The Abraaj Group, one of the largest private equity firms specializing in emerging markets, said on Friday that its founder, Arif Naqvi, would no longer oversee the firm’s asset management business.
The abrupt move follows claims made by clients that the Dubai-based firm, which manages $14 billion in assets, misused investor money in a fund that invests in hospitals and other health care businesses. Abraaj said Friday that it would temporarily halt investment activities until it completed a broad corporate restructuring.
The World Bank and the Bill and Melinda Gates Foundation were among the prominent investors that, over the past year, have been questioning the firm’s governance practices.
The investors’ main fear was that Abraaj might have used cash allocated for investments in hospitals in Pakistan and Kenya for other, unauthorized purposes. Suspicions arose when investors learned that more than $200 million, which the firm had said it would use on investments in 2016, hadn’t actually been deployed.
The Abraaj Group previously said that the cash had not been invested because of regulatory holdups in countries where the fund was investing.
But Abraaj clients weren’t satisfied, and they demanded that an independent accountant be hired to determine how the funds were used over the past year.
Mr. Naqvi hired KPMG, the auditing giant, to look into the matter. Earlier this month, KPMG said that the Abraaj Group had acted appropriately in its use of client funds.
In Friday’s statement, Abraaj said that two senior executives, Omar Lodhi and Selcuk Yorgancioglu, would become co-chief executives, replacing Mr. Naqvi as stewards for Abraaj funds.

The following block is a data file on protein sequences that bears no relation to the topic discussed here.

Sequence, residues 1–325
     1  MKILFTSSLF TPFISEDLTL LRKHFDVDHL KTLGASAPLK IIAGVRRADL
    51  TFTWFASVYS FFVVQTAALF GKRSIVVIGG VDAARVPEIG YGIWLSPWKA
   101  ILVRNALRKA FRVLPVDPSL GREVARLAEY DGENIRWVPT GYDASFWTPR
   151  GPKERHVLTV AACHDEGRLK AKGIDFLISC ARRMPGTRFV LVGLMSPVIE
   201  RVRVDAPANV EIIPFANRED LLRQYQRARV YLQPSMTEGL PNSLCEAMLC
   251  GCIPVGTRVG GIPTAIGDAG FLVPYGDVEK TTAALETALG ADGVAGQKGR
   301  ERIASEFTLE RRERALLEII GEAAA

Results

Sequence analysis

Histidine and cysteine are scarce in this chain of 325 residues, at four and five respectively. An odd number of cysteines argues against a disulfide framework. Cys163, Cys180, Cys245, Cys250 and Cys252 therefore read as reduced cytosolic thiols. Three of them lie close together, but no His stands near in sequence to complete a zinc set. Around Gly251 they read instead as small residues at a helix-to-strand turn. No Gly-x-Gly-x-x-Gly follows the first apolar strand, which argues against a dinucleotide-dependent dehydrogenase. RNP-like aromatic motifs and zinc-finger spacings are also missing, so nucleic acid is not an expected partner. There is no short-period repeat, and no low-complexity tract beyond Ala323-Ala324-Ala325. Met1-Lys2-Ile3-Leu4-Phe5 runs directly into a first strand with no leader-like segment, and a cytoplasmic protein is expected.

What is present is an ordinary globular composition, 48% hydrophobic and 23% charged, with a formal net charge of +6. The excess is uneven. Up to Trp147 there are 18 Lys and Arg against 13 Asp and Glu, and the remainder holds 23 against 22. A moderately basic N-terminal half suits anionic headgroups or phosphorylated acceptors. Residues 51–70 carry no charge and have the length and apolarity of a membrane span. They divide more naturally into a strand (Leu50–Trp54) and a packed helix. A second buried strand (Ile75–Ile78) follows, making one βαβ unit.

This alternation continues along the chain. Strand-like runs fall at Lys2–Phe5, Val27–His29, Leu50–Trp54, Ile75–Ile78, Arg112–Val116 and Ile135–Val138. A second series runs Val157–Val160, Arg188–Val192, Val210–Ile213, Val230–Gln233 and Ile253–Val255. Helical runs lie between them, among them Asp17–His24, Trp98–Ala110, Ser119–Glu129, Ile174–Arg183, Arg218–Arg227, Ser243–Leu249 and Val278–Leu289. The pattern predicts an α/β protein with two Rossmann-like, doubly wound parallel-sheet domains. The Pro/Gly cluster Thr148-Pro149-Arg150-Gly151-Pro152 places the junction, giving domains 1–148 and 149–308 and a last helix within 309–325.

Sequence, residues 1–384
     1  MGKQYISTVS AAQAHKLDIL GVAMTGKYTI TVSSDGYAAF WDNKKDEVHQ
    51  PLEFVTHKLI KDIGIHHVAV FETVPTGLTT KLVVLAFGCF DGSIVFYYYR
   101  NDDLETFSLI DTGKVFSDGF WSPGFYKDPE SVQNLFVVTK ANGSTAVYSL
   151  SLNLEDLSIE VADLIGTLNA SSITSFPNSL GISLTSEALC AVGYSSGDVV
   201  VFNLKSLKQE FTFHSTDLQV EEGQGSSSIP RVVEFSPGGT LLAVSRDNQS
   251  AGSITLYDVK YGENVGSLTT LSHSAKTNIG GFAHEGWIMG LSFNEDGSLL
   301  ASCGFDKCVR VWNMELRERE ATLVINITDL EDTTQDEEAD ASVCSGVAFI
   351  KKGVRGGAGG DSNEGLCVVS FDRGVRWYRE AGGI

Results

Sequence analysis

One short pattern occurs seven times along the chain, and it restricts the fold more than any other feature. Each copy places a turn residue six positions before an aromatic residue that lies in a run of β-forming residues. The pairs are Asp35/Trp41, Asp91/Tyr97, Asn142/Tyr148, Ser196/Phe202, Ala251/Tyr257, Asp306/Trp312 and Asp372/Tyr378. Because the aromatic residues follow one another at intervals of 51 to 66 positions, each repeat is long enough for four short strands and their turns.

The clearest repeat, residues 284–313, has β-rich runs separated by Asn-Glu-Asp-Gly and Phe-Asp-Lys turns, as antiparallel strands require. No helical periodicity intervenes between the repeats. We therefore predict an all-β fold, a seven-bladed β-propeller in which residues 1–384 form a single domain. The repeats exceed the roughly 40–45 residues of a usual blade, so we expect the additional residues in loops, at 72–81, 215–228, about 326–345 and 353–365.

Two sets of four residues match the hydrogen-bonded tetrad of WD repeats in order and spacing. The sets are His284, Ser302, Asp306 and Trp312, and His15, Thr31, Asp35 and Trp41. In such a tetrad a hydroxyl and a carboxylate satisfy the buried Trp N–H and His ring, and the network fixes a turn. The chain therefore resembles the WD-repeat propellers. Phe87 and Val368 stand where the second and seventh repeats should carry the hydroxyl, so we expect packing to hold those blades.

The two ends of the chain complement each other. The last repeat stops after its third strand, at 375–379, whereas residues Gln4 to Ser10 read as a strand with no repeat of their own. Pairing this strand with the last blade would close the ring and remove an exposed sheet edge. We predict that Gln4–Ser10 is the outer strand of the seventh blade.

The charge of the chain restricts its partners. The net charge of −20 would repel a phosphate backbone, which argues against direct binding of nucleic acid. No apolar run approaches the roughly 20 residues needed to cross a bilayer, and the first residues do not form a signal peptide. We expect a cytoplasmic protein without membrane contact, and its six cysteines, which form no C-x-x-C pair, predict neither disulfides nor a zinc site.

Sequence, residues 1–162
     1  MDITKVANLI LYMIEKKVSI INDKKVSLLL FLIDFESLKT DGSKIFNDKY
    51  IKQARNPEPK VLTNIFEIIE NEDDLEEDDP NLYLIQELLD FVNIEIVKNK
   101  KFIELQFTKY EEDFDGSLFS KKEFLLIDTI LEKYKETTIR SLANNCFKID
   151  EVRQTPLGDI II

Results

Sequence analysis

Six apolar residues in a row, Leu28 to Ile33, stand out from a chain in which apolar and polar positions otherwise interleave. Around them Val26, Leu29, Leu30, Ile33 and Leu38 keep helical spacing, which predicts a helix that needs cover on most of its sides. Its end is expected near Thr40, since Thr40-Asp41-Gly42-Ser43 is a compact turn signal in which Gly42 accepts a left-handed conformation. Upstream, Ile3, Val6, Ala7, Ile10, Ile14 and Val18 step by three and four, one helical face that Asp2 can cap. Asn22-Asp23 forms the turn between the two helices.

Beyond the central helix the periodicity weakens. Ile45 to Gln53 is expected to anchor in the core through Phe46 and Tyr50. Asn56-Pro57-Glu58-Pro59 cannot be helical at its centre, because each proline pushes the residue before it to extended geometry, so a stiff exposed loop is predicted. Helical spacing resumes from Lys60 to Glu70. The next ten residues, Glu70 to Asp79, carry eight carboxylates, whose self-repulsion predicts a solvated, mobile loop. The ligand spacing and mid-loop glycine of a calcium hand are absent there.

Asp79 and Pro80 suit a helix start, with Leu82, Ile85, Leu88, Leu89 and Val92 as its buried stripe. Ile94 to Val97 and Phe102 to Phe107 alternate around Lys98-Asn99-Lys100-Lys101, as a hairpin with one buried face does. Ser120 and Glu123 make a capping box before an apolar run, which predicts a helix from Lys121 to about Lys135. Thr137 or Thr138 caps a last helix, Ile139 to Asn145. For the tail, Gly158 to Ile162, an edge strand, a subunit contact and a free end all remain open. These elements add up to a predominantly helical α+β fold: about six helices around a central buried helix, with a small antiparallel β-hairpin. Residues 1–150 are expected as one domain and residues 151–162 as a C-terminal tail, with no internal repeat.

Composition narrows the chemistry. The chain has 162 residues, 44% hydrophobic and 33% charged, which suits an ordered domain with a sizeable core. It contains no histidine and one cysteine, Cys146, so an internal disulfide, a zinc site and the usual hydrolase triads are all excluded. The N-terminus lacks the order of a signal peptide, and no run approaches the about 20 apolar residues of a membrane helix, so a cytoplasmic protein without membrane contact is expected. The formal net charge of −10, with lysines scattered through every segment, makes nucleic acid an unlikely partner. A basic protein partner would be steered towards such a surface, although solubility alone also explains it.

Mr. Naqvi, Abraaj said, would retain a nonexecutive role as a member of the firm’s investment committee.
The Abraaj Group also said it would hire independent consultants to scrutinize its governance standards and how the firm is organized.
Until now, Mr. Naqvi had controlled every aspect of Abraaj, from the investments it made to the people it hired and, critically, how client money was deployed
A native of Pakistan, Mr. Naqvi was Abraaj’s public face and its primary fund-raiser. His pitch was that investing in markets like Egypt, Turkey and India would generate great returns and have a positive social impact as well.
The World Bank in particular championed Mr. Naqvi’s cause and the idea that private investors like Abraaj could replace traditional financing techniques — namely, loans from the public sector — to foster economic development in developing nations.
Through the World Bank’s private sector investment arm, the International Finance Corporation, the bank was among the larger clients of Abraaj, putting $300 million into the firm.